Dallas’ first modern streetcar begins service this week and in recognition we’re taking a look back in time when streetcars were the premier method for travel across Dallas and the North Texas area.
The 100-year-old Houston St. Viaduct is listed on the National Register of Historic Places, and rehabilitation required coordination with the Texas Historical Commission.
The city uncovered the original 1912 plans for the Houston Street Viaduct, which show that the bridge’s 44-foot-wide roadway originally included space for two interurban trains. The rails were never laid. Almost 100 years later, the Dallas Streetcar line will fulfill that original intent.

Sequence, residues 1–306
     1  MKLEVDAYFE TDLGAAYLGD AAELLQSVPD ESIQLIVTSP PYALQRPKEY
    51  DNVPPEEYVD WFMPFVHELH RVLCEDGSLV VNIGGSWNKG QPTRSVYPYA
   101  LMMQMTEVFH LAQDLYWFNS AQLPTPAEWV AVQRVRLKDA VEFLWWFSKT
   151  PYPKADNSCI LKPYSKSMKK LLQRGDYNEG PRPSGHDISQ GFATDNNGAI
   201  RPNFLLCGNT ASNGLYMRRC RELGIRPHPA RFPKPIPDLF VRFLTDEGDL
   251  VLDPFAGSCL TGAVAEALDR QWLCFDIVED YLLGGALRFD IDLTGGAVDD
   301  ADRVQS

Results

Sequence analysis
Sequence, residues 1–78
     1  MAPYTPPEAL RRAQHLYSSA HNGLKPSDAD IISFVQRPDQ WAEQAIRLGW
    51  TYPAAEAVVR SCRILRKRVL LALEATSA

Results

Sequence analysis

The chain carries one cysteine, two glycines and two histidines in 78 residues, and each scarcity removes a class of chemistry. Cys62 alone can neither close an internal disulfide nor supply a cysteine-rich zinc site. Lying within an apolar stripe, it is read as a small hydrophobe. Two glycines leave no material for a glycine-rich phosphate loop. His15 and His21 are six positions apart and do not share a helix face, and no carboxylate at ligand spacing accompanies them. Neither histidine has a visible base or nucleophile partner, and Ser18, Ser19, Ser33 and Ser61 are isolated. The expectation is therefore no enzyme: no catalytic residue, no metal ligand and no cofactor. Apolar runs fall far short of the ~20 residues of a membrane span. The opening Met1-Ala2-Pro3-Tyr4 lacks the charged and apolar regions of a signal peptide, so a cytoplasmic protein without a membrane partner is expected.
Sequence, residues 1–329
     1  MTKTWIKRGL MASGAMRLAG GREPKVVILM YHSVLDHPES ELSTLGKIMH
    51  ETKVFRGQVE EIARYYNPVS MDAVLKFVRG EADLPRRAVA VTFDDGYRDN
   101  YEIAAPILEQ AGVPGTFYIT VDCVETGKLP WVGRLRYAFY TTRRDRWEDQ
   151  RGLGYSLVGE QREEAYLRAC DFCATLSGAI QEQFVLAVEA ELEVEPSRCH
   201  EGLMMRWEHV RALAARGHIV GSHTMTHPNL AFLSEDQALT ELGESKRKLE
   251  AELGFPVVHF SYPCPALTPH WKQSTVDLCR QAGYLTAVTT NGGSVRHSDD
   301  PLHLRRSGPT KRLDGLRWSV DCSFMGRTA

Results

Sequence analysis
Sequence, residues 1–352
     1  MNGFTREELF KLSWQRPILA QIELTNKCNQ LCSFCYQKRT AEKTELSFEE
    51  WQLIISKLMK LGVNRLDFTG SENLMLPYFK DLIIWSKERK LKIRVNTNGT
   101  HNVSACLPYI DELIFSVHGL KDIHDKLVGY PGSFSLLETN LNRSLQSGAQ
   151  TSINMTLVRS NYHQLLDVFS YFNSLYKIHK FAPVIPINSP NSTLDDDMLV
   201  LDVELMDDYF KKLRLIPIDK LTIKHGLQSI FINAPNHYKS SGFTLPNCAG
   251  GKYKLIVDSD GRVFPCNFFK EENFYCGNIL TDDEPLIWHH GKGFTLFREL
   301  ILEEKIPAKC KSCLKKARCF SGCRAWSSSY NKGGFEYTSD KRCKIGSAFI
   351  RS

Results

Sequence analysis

To avoid placing an overhead catenary system on the historic bridge, the vehicles feature a battery power system allowing them to run “off wire” for almost a mile as they cross over the Trinity River corridor.
During rail construction on Colorado Boulevard, crews discovered a figurative time capsule hidden in the road. Underneath the pavement were girder and T-rail tracks dating to an old interurban system.
Because the tracks were caked in concrete from the demolition, crews were unable to find markers to determine the exact age. DART Streetcar Projects Director Jay Kline speculated the tracks could be up to 100 years old.